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Mike Cohn11/17/10
1 replies

Should Story Points Be Assigned to A Bug-Fixing Story?

When migrating a product from a traditional approach to an agile one, teams commonly bring along a large database of bugs. These are the result of an inadequate focus on continuously high quality. Shortly into their agile initiative, many teams (and their...

Michael Norton11/17/10
1 replies

Should we always pay back Technical Debt?

Jim Highsmith on Technical DebtA former coworker of mine, Jim Highsmith, has recently written an article on The Financial Implications of Technical Debt. Jim states that recent studies indicate the cost of technical debt is near $1 trillion in the U.S. I...

Giorgio Sironi11/17/10
0 replies

Practical PHP Testing Patterns: Back Door Manipulation

In a test implementing Back Door Manipulation, you bypass the System Under Test to reach the resource it manipulates directly, with the goal of veryfing its behavior or to perform some other handy operations. In fact, there's more than one reasons why you may...

Alex Tkachman11/16/10
3 replies

How statically typed meta programming can look

I want to start with piece of code and challenge the reader to understand what the code means. To make the task a bit fair, I am telling you that this is the full content of the file called...

Mark Needham11/16/10
1 replies

Retrospectives: My First Time Facilitating

Despite being part of numerous retrospectives over the past few years I don't remember actually facilitating one until my current team's last week. I've gradually come to appreciate the skill involved in facilitating this type of meeting having originally...

Dan Pritchett11/15/10
0 replies

Consistency vs. Innovation

I've been pondering the problem of how does an organization achieve innovation and at the same time have some level of consistency in the patterns and components that are in use across teams. Considering the very nature of innovation is to solve existing...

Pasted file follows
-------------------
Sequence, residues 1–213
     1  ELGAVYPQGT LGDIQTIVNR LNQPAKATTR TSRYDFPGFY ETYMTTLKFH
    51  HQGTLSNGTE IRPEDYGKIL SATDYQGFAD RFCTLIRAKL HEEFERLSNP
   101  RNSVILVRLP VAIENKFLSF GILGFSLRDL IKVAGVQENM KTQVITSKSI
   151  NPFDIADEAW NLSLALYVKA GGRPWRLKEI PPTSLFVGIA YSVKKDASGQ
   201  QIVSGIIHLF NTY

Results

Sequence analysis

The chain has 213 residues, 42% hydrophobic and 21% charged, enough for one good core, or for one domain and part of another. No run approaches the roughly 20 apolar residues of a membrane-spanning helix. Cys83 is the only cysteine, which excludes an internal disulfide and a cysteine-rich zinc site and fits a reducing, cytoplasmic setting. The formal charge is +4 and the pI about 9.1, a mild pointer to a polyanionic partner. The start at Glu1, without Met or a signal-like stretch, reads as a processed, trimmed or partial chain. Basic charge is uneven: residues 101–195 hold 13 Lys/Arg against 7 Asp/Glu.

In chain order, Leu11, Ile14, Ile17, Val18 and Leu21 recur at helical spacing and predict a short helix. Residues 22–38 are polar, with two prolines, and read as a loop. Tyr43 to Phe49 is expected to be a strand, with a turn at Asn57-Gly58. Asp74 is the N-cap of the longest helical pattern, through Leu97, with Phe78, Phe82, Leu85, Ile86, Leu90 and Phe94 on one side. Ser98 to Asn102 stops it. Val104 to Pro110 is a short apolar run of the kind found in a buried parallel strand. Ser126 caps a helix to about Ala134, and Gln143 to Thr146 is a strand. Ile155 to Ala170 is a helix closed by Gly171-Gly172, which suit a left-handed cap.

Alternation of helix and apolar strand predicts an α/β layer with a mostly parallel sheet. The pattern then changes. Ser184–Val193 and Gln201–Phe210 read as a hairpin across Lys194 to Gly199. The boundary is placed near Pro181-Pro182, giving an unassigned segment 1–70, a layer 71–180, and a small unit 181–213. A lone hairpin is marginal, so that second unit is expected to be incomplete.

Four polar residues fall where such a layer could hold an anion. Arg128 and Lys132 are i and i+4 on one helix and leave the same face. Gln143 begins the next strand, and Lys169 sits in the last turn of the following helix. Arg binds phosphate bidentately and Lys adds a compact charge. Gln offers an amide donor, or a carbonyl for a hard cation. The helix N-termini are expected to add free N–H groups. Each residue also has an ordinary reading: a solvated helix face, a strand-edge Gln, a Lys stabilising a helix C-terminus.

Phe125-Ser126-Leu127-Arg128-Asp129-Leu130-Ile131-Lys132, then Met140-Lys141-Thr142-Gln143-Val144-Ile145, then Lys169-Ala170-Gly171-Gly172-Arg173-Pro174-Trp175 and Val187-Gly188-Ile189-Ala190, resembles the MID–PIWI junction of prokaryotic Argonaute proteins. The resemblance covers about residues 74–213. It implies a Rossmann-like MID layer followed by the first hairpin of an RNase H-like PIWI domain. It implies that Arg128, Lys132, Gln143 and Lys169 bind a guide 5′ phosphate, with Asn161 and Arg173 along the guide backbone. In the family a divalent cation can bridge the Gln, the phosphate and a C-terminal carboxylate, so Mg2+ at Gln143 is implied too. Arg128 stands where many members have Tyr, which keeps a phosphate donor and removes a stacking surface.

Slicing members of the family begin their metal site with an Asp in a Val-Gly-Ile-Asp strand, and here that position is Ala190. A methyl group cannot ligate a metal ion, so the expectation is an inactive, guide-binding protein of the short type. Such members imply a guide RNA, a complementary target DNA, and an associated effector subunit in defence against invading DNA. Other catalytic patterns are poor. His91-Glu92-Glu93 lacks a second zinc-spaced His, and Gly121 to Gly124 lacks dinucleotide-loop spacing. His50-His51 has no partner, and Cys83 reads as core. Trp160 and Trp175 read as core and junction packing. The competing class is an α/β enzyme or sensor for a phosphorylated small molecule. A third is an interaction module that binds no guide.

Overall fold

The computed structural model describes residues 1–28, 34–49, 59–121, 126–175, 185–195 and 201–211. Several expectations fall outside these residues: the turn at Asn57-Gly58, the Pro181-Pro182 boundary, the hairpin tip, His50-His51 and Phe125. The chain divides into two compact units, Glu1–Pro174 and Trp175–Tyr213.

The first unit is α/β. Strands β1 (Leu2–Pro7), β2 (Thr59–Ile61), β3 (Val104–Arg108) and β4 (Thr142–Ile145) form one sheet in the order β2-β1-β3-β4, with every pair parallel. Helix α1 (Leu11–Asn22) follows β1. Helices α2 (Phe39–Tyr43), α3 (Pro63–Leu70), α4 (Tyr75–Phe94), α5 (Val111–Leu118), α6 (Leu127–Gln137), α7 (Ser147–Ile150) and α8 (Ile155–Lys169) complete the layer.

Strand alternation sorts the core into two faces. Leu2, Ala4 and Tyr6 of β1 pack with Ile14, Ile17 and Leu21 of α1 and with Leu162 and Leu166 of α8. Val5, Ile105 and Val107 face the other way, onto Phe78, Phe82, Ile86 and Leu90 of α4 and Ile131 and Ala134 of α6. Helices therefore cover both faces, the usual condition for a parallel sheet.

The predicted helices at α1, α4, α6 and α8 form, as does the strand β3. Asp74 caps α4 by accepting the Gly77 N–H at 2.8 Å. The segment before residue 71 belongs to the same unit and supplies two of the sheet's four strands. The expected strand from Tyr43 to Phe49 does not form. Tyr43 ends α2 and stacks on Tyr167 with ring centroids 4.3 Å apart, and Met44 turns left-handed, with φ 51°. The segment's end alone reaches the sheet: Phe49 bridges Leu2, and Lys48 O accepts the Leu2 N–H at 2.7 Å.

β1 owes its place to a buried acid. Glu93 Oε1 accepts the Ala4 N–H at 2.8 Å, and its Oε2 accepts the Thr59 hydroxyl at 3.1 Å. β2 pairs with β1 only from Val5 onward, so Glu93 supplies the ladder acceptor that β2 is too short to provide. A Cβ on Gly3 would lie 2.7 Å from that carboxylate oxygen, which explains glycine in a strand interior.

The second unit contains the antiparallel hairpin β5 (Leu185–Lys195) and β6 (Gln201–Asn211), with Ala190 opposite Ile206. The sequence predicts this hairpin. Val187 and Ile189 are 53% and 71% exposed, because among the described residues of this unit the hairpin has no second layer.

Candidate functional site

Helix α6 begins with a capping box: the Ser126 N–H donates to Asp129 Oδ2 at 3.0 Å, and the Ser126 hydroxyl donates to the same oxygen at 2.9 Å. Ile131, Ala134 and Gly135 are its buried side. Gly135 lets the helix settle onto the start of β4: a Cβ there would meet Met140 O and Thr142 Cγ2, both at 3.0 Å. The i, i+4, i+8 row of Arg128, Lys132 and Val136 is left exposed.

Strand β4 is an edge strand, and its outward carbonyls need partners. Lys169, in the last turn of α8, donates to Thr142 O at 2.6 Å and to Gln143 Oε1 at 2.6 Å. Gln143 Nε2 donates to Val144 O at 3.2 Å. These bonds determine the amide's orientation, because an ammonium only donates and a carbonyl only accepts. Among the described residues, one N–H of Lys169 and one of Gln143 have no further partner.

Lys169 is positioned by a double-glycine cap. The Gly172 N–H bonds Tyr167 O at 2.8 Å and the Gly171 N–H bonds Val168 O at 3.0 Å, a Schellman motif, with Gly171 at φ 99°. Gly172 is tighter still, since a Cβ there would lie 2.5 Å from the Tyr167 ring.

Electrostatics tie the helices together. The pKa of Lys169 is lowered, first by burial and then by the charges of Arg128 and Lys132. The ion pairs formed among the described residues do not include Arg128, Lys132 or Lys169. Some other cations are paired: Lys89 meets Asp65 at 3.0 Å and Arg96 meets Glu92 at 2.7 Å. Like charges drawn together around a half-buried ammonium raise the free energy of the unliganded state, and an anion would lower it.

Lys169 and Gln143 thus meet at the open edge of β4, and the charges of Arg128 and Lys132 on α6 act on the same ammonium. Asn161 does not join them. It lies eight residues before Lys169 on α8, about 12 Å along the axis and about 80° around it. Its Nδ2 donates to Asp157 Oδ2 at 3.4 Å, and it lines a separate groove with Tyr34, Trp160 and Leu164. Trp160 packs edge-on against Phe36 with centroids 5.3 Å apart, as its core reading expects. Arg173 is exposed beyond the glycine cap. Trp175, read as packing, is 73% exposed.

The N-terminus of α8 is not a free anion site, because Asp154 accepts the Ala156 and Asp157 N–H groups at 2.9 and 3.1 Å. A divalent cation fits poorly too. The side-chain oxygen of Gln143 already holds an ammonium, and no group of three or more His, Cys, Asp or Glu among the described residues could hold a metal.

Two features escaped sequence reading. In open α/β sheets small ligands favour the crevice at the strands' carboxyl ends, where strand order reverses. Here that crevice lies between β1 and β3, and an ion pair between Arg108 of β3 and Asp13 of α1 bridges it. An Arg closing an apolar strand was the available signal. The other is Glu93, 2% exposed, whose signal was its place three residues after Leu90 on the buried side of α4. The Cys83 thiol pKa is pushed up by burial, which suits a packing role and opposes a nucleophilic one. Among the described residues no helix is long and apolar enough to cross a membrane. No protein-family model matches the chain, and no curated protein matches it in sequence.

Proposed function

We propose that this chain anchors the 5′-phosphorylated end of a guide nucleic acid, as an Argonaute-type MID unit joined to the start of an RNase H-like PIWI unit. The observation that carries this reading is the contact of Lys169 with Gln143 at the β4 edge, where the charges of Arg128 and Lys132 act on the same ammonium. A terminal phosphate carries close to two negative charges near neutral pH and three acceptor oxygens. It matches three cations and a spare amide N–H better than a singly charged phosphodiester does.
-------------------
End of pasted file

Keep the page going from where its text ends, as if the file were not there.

Mark Needham11/15/10
1 replies

Agile: Increasing team sizes

A fairly common trend on nearly every project I've worked on is that at some stage the client will ask for more people to be added to the team in order to 'improve' the velocity. Some of the most common arguments against doing so are that it will initially...

Giorgio Sironi11/15/10
0 replies

Practical PHP Testing Patterns: Shared Fixture

The Shared Fixture pattern is the last of the Fixture organization patterns treated in this series. A Shared Fixture is the opposite and specular case of a Fresh Fixture: it is not recreated for each test, but all the test methods reuse the same object graph...

Matt Stine11/12/10
1 replies

Failed Metric, Failed Build?

A very interesting discussion came up this past weekend during the "Project Automation" Birds of a Feather (BOF) session at the No Fluff Just Stuff show in Reston, VA.

Israel Gat11/12/10
0 replies

Beyond Devops

Based on feedback from participants in my Agile 2010 workshop “How We Do Things Around Here In Order To Succeed,” I am planning to offer the workshop as a one-day seminar. A tentative agenda for the seminar is as follows:

Robert Diana11/12/10
2 replies

Rite of Passage or Useless Time Suck?

How do you welcome new employees? Normally, it is a rite of passage that all new developers must search some documentation and struggle with setting up their development environment. Let me state for the record that I absolutely hate this concept. I...

Israel Gat11/11/10
0 replies

The Devops Triangle

The Agile Triangles was introduced by Jim Highsmith as an antidote to the Iron Triangle. Instead of balancing development between cost, schedule and scope, the Agile Triangle strives to strike a balance between value, quality and constraints:

Mark Needham11/11/10
1 replies

Distributed Agile: Communicating big design decisions

Although we mostly split the work on my project so that there aren't too many dependencies between the teams in Chicago and Pune, there have still been some times when we've designed major parts of the code base in Pune and have needed to communicate that...

Giorgio Sironi11/11/10
8 replies

It's just like putting LEGO bricks together... Or not?

I once heard a speaker saying that Lego bricks are one of the most abused metaphor in computer science. I like this quote very much, but I also like the Lego metaphor as it is very effective in explaining patterns like Dependency Injection even to higher...